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Deep Sea Res
Hanna, A. J. M., Shanahan, T. M., Allison, M. A., Bianchi, T. S., & Schreiner, K. M. (2018). A multi-proxy investigation of late-Holocene temperature change and climate-driven fluctuations in sediment sourcing: Simpson Lagoon, Alaska.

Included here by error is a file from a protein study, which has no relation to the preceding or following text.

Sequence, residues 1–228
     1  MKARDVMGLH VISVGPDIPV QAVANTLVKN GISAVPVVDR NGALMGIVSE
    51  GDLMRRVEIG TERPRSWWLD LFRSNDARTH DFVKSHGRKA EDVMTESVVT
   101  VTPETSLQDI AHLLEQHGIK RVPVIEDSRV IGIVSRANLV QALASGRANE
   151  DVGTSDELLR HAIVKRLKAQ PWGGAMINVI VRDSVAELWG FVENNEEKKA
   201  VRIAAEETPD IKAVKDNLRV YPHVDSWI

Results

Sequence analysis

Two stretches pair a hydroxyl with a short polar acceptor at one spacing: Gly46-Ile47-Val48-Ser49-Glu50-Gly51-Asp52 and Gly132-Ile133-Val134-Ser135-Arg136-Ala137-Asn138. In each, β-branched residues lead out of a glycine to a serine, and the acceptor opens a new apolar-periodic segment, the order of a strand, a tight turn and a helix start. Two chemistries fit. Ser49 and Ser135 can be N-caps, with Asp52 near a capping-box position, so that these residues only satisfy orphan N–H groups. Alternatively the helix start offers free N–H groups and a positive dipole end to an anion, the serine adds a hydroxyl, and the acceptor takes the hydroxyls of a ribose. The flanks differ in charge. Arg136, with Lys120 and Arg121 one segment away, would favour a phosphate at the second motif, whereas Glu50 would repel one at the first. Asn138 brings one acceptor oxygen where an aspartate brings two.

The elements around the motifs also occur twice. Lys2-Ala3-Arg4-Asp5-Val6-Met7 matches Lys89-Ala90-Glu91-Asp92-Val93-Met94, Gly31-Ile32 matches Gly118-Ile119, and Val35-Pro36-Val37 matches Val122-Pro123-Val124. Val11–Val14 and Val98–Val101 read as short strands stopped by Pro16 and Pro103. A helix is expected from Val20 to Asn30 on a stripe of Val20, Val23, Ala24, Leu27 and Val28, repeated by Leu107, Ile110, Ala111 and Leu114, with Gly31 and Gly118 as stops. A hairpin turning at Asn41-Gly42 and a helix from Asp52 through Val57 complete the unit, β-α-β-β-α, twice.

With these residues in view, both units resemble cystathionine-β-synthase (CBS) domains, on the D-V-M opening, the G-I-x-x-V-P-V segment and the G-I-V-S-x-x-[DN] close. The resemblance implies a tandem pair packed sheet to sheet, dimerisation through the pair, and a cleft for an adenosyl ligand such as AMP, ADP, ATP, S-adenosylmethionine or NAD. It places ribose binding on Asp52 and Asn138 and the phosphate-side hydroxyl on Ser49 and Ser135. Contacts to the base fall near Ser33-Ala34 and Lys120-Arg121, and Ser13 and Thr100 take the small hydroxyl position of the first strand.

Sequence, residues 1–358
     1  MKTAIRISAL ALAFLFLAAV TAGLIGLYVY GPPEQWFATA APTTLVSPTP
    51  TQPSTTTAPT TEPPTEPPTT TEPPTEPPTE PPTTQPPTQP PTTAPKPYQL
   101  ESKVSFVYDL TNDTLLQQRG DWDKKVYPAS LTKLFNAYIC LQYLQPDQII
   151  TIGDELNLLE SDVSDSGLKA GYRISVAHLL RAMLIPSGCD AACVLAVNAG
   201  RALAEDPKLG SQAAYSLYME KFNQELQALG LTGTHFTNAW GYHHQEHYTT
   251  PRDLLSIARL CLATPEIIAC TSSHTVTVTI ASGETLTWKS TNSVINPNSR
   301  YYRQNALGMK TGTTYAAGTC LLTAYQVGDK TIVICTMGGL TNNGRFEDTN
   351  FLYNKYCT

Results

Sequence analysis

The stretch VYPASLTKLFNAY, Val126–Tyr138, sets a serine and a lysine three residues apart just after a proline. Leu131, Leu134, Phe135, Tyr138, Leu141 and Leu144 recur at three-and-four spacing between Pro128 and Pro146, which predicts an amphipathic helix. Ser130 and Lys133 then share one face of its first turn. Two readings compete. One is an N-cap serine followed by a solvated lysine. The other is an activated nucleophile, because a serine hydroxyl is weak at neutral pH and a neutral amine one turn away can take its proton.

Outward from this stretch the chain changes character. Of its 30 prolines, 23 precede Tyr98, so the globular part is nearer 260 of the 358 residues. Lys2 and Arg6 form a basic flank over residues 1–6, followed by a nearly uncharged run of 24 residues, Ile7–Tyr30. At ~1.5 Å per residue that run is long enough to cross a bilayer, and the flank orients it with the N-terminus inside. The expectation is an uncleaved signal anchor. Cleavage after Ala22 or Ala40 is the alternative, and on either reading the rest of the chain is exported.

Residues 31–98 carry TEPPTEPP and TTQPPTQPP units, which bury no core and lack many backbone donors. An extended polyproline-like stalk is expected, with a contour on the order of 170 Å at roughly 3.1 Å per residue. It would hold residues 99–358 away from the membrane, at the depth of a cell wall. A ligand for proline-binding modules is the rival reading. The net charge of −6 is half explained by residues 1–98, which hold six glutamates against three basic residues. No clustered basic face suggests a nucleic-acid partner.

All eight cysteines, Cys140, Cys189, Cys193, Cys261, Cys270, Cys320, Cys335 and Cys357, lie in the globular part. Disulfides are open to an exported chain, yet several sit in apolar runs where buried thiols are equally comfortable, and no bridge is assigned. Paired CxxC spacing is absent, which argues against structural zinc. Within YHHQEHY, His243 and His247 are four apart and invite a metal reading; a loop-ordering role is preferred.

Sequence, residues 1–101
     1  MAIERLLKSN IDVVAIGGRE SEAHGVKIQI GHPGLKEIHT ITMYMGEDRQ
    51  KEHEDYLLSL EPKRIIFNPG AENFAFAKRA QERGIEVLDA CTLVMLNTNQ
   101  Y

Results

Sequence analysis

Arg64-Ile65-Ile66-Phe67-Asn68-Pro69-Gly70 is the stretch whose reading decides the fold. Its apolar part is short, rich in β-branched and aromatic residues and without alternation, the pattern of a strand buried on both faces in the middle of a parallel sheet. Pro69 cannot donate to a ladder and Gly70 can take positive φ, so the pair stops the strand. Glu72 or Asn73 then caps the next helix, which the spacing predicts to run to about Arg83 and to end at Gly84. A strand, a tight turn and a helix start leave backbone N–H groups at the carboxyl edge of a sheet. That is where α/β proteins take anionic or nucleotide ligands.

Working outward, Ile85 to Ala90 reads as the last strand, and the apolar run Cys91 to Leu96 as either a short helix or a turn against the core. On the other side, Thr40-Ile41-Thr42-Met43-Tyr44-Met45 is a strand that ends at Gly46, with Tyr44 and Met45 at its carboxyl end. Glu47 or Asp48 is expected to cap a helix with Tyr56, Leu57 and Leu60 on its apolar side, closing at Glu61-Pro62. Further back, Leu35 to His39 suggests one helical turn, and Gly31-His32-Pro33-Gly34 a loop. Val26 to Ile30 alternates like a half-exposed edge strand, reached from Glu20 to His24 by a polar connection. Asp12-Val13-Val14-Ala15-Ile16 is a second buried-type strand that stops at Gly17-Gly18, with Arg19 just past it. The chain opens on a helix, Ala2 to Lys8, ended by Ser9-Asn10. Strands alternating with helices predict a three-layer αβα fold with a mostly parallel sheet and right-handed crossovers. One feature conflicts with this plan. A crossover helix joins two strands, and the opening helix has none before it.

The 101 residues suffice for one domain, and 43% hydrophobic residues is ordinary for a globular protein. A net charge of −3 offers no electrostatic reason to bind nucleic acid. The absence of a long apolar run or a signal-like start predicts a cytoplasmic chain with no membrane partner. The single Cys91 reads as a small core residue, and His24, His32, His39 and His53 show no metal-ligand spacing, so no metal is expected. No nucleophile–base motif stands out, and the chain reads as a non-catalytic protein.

The significant and ongoing environmental changes in Arctic regions demonstrate the need for quantitative, high-resolution records of pre-industrial climate change in this climatically sensitive region; such records are fundamental for understanding recent anthropogenic changes in the context of natural variability. Sediment contained within Arctic coastal environments proximal to large fluvial systems has the ability to record paleoclimate variability on subdecadal to decadal scale resolution, on par with many other terrestrial climate archives (i.e. lake sediments, ice cores). Here, we utilize one such sediment archive from Simpson Lagoon, Alaska, located adjacent to the Colville River Delta to reconstruct temperature variability and fluctuations in sediment sourcing over the past 1700 years. Quantitative reconstructions of summer air temperature are obtained using the branched glycerol dialkyl glycerol tetraether (brGDGT)-derived methylation index of branched tetraethers (MBT')/cyclization ratio of branched tetraether (CBT) paleothermometer and reveal temperature departures correlative with noted climate events (i.e. 'Little Ice Age', 'Medieval Climate Anomaly'). In addition, temporal variability in sediment sourcing to the lagoon, determined using a multi-proxy approach (i.e. granulometry, elemental analysis, clay mineralogy), broadly corresponds with temperature fluctuations, indicating relative increases in fluvial sediment discharge during colder intervals and decreased river discharge/increased coastal erosion during warmer periods. The Simpson Lagoon record presented in this study is the first temperature reconstruction, to our knowledge, developed from coastal marine sediments in the Alaskan Beaufort Sea.
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